The Making of a Scary Basement Photo

Here is my attempt at a “scary” basement photo… and double self portrait. In this post I’ll explain how I put it all together.

DSC_9718-Edit-5I’d been wanting to take a photo in my apartment’s basement for a while and was finally awarded some spare time this past week. I decided to do make the image over two nights, the first for setting up the lighting and the second for the final shots. This method gave me the time I needed to work out the lighting logistics without the stress of having to produce a result immediately. Another aspect to this image, one that is rare for me, is that I had the overall scene worked out in my head days before I actually went about doing it. I knew in advance that this would have to be a composite to include two versions of myself.

Not being someone who takes many photos with complicated lighting setups, I am limited in the equipment I have and this presented a few hurdles to overcome. Most importantly, while I own enough flashes (shoe mount and studio), I don’t have sufficient means to trigger them. I’ll get into this later.

Let’s start with the scene without any lighting. The basement is divided into three rooms and is creepy on its own.DSC_9668

To start, I put the D300s on a tripod with the AF-S 17-55mm f/2.8 set to f/8, 1/160s, ISO 400. I marked the leg locations on the floor with tape because I knew I’d have to move the tripod away from the doorway overnight.

I lit the back room in red first using a Nikon SB-700 with a red gel. I added a diffuser cap, zoomed the flash out to 14mm and set it to 1/2 power to fill the room with red. I positioned the flash behind my right shoulder to give some rim light and as a fortunate consequence it projected a nice red spill onto the floor of the main room.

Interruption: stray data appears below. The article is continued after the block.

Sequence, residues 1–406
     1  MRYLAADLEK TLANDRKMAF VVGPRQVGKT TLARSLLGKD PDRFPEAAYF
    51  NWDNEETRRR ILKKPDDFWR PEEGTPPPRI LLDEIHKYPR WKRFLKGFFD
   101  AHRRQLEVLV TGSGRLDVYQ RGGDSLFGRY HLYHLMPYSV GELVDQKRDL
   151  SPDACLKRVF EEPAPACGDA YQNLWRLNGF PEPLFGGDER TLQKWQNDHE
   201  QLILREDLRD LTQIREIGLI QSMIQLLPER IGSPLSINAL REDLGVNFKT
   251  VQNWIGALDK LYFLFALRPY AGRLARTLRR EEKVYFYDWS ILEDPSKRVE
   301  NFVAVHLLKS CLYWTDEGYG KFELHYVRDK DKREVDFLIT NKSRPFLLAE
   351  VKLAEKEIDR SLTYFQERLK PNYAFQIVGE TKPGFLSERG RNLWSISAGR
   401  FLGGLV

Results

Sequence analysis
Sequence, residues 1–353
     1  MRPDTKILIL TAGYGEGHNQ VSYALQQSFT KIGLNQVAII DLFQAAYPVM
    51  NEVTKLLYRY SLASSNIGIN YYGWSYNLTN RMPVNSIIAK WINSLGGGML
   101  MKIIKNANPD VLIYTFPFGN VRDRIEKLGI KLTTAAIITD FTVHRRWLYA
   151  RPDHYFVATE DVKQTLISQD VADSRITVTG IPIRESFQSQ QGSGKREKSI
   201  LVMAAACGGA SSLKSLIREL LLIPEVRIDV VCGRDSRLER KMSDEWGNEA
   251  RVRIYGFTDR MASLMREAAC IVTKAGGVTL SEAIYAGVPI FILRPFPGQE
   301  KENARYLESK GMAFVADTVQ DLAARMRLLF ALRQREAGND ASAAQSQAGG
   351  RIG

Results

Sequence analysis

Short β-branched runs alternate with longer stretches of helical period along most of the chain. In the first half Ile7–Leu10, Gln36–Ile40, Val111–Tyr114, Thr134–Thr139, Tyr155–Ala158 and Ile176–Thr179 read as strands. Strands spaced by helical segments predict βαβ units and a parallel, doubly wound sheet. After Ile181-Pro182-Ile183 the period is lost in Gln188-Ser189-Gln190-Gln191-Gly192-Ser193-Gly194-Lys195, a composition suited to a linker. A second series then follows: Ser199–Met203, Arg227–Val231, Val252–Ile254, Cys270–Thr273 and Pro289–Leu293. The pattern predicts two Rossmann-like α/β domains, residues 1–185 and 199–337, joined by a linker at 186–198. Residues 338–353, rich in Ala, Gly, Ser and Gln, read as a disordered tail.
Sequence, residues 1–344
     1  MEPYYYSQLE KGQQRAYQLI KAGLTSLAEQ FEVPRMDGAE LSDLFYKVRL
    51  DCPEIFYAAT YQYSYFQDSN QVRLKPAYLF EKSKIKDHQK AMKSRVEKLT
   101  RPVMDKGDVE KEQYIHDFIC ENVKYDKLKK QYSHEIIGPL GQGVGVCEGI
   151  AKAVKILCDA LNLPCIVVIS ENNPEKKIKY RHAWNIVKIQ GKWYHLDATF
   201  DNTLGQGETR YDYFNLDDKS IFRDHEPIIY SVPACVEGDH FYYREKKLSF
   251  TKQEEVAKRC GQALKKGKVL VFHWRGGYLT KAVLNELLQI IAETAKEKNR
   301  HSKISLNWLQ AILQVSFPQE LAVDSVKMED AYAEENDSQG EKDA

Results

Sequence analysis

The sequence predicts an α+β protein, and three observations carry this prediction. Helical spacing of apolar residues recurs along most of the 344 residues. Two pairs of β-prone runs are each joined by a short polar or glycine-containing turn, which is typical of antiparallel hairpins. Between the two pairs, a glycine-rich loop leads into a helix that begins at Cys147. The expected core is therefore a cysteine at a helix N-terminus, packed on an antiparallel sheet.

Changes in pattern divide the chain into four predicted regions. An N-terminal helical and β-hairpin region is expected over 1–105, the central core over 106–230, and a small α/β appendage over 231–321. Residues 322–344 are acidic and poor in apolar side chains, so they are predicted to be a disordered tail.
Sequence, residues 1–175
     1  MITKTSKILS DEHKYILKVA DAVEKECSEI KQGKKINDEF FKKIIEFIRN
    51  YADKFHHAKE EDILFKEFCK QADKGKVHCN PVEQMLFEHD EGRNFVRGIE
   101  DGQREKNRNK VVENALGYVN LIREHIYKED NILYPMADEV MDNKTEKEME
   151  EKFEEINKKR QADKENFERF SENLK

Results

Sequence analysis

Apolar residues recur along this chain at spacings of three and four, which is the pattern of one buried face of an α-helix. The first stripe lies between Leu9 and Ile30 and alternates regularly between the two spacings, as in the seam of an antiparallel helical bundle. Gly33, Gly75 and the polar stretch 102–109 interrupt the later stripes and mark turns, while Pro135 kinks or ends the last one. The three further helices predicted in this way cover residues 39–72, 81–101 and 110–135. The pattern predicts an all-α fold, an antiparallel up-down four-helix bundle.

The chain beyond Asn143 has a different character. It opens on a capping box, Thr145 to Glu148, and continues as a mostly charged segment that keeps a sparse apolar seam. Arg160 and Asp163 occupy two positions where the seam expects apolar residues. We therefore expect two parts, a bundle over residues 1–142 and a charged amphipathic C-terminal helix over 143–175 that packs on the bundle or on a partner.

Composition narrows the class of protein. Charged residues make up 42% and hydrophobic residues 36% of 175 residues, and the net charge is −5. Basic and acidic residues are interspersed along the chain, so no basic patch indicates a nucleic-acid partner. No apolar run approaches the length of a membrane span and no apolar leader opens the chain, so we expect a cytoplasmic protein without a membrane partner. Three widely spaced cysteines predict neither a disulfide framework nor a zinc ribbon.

To make ‘evil me’ stand out I added a Nikon SB-900 with a light purple gel. I used a grid spot to keep the light on my face and not spill onto the ceiling or door frame. I kept the power at a low level of 1/16. I positioned the head of the rake within the spill of the gridded light to separate it from the red wash.DSC_9724I took the red room image with white balance set to Flash. For the main room, I wanted to have an overall blue feel to the fill. I pointed an Alien Bees B800 studio strobe into the inside corner of the room and set the camera’s white balance to Tungsten to turn the flash’s white output blue (an alternate approach would have been adding a blue gel to the flash and since making this photo I’ve picked up some gels to fit the Alien Bees’ 7′ reflectors, including a 1/2 CT blue).

I lit ‘scared me’ with a snooted Metz 48 AF-1 at 1/8 power. I added a full CTO (orange) gel that, when combined with the Tungsten white balance on the camera, gave white light. The snoot was aimed to light just my upper body and the brick.DSC_9718In order to get the right coverage from the snooted flash I had to place it right in the middle of the frame. Another image, this time with the snooted flash removed, gave me the a clear view of that area.DSC_9719Here is the lighting diagram of the three images:

lighting-diagram-scary-basement For triggering the flashes, I had to think carefully. Three of these four flashes have optical slaves. Only two of them have connectors for wireless triggers. The Metz 48 AF-1 has neither (although since this shoot I updated the firmware to include optical slave). In the end put a wireless trigger (Cybersync) on a flash in each room and triggered the other two with their optical slaves. This made optical line of sight easy, as the two slaved flashes only had to see their nearby wirelessly triggered flashes.

I brought the three images into photoshop and masked out the unwanted areas. With some heal/clone work to remove unwanted wires and highlights and a final curves adjustment, the image was done!

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One thought on “The Making of a Scary Basement Photo

  1. Pingback: The Making of a Scary Basement Photos – Part 2 (Editing) | Owen Cherry Photography

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